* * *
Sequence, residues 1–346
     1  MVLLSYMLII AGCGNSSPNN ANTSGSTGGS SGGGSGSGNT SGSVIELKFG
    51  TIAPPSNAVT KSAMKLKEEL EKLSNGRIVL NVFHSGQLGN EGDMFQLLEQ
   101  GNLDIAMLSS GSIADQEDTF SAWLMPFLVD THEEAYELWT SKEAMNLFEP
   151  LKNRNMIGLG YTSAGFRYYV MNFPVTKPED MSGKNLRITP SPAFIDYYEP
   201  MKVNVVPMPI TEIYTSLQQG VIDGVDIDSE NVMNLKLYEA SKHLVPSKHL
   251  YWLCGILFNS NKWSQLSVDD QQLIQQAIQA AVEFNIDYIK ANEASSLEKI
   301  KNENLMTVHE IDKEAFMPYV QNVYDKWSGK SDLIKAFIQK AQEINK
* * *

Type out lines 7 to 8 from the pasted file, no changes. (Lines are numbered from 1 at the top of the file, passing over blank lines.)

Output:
   251  YWLCGILFNS NKWSQLSVDD QQLIQQAIQA AVEFNIDYIK ANEASSLEKI
   301  KNENLMTVHE IDKEAFMPYV QNVYDKWSGK SDLIKAFIQK AQEINK